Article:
HSBC Bank USA
|Subsidiary of HSBC Holdings plc|
|Industry||Finance and Insurance|
|Founded||1850 (as Marine Midland Bank)|
|Headquarters||New York, NY, USA|
|Patrick Burke (Chairman, President, and CEO)|
Number of employees
|43,000 (including HSBC Finance Corporation)|
|Slogan||The world's local bank|
HSBC Bank USA, National Association, an American subsidiary of UK-based HSBC Holdings plc, is a bank with its operational head office in New York City and its nominal head office in McLean, Virginia (as designated on its charter). HSBC Bank USA, N.A. is a national bank chartered under the National Bank Act, and thus is regulated by the Office of the Comptroller of the Currency (OCC), a part of the U.S. Department of the Treasury.
The Hongkong and Shanghai Banking Corporation acquired a 51% shareholding in Marine Midland Bank of New York State, headquartered in Buffalo, New York, in 1980 and extended to full ownership in 1987. The banks continued to operate under the Marine Midland name until 1998, when the offices were rebranded as HSBC Bank USA in line with the worldwide corporate identity of HSBC.
In 1994, Marine Midland acquired Spectrum Home Mortgage, which operated in eight states. Then in 1995, Marine acquired United Northern Federal Savings Bank, with branches in Watertown and Lowville, New York. Marine Midland also acquired The Hongkong and Shanghai Banking Corporation's six New York City retail branches, and the next year Hang Seng Bank's two branches in New York City.
That same year, Marine Midland acquired 11 branches from the East River Savings Bank in the New York Metropolitan area. Marine also acquired the US dollar clearing business of JPMorgan. At the same time, HSBC transferred two branches in the northwestern United States to HSBC Bank Canada. The next year, Marine completed its acquisition of First Federal Savings and Loan from Toronto-based CT Financial Services, for $620 million. First Federal Savings, headquartered in Rochester, had $7.2 billion in assets, 1,600 employees, 79 retail branches in New York State and 15 mortgage origination offices in nine states.
In 1998, Marine Midland acquired First Commercial Bank of Philadelphia, which had been established in 1989 as the first-state chartered Asian-American bank in Pennsylvania. The bank served the local Asian community, which often faced language and cultural barriers at traditional American banks. Marine paid $23.75 million for First Commercial, which had $90 million in assets and $78 million in deposits in two branches.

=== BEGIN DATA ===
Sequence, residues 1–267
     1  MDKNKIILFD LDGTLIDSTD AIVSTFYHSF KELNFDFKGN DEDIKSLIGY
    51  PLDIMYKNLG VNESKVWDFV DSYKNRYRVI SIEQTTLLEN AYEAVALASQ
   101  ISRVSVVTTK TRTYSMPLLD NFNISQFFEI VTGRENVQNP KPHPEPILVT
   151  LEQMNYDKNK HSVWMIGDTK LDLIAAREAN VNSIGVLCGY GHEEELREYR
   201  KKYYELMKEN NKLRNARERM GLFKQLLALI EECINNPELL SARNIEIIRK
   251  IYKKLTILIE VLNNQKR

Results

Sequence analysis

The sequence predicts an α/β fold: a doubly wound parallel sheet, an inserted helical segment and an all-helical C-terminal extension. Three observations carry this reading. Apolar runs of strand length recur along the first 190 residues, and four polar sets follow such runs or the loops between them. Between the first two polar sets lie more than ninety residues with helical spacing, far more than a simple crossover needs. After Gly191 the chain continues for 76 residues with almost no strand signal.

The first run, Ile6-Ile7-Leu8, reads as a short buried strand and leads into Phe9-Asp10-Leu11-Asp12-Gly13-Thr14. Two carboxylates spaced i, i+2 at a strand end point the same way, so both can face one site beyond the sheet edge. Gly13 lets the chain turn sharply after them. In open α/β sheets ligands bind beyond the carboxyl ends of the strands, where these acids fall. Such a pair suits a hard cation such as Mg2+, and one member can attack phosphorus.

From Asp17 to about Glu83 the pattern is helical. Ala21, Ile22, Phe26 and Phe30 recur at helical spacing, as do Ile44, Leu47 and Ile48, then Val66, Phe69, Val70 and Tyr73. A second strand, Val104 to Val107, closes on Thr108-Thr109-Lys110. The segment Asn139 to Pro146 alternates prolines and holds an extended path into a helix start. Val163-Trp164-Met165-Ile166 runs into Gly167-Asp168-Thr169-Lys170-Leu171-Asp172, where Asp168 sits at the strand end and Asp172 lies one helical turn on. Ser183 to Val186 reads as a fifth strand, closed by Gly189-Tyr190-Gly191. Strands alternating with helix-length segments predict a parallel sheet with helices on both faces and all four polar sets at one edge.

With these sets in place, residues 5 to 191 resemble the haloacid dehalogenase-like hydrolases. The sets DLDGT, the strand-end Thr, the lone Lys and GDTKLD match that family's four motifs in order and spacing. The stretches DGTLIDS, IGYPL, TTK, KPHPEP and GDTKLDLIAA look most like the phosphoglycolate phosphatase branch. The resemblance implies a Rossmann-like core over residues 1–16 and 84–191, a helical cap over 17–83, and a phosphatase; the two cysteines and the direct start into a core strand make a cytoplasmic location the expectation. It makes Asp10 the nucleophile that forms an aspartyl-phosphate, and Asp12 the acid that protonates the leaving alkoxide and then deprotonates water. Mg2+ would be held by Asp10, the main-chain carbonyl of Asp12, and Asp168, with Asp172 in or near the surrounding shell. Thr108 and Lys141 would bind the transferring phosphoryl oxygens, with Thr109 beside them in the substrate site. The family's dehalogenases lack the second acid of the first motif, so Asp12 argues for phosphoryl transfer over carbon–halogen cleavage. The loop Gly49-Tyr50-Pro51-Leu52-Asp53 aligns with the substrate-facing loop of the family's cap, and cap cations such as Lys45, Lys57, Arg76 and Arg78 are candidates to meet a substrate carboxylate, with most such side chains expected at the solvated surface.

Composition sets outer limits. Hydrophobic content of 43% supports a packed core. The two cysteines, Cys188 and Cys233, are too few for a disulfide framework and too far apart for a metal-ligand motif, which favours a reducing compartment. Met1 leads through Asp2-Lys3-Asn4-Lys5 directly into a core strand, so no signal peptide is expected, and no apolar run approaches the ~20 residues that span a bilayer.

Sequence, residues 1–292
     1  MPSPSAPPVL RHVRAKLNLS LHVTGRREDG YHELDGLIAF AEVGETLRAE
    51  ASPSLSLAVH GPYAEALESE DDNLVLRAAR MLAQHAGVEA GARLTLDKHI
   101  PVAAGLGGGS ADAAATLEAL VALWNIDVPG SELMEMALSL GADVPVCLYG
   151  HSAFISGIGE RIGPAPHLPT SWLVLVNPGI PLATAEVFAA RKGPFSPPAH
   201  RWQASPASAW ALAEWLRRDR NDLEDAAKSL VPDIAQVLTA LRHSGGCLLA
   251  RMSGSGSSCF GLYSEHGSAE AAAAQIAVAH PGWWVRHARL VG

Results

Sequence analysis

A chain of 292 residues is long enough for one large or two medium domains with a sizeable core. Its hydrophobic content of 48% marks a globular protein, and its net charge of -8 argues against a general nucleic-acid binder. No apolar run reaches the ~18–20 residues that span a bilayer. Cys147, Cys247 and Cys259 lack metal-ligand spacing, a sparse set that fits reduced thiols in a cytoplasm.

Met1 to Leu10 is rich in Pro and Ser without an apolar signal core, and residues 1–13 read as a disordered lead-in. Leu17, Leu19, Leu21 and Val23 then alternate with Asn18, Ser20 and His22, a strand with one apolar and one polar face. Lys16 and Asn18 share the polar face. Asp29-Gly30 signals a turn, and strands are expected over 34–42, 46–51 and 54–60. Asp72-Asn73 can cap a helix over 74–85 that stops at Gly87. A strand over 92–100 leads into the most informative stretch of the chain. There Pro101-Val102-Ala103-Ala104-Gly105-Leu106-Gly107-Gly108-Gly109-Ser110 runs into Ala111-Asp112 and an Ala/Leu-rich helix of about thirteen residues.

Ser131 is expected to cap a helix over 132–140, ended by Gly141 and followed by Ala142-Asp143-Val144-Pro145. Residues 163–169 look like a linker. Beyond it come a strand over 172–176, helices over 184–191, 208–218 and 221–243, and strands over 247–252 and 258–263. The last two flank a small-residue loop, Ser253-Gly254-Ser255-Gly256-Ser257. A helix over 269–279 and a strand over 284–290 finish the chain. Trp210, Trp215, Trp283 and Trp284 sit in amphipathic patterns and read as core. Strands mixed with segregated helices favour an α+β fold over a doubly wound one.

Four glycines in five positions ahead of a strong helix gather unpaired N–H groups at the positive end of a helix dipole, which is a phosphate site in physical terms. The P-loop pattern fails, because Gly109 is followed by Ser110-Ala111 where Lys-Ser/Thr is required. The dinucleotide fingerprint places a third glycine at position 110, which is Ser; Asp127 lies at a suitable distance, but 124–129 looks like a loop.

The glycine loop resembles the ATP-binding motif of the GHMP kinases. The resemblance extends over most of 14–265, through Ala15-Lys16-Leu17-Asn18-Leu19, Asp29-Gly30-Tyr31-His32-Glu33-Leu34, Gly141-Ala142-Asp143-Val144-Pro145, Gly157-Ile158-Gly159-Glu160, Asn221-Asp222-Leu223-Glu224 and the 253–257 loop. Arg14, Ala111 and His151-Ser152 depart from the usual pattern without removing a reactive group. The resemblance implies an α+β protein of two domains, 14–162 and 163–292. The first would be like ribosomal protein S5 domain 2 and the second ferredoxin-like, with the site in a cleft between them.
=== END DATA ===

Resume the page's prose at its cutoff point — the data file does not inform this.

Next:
After the acquisition of Republic National Bank in 1999, the head office of HSBC Bank USA moved from One HSBC Center in Buffalo to 452 Fifth Avenue, New York City, although the bank's charter lists the headquarters in Wilmington, Delaware.
In December 2012, HSBC paid a record $1,900,000,000 fine for laundering in excess of $881,000,000 in drug cartel money and violating anti-terrorism sanctions.
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Marine Midland owned several prominent properties, including the Marine Midland Building at 140 Broadway in Manhattan, near the World Trade Center. Completed in 1967, the 52-story rises tower rises 688 feet (210 m) with 1.2 million square feet (110,000 m²) of office space in lower Manhattan and is noted for the distinctive Red Cube sculpture by Isamu Noguchi at its entrance. One HSBC Center is the tallest building in Buffalo, and is noted for its open entry level, under which the Buffalo Metro Rail passes.
Also of note, Marine Midland had purchased naming rights to the Buffalo sports and entertainment venue constructed in 1996, the Marine Midland Arena, home of the Buffalo Sabres. Today, the venue is known as the First Niagara Center.
- "City National Bank to buy two HSBC branches". Albany Business Review. 20 April 2001. Retrieved 2015-02-18.
- Thompson, Carolyn (17 February 2012). "First Niagara expects May completion for HSBC deal". Yahoo! Finance. Retrieved 2015-02-18.
- Viswanatha, Aruna; Wolf, Brett (11 December 2012). "HSBC to pay $1.9 billion U.S. fine in money-laundering case". Reuters. Retrieved 2015-02-18.
- HSBC Bank USA website
- "Senate report criticizes HSBC for inadequate internal controls" by Brady Dennis, The Washington Post, July 16, 2012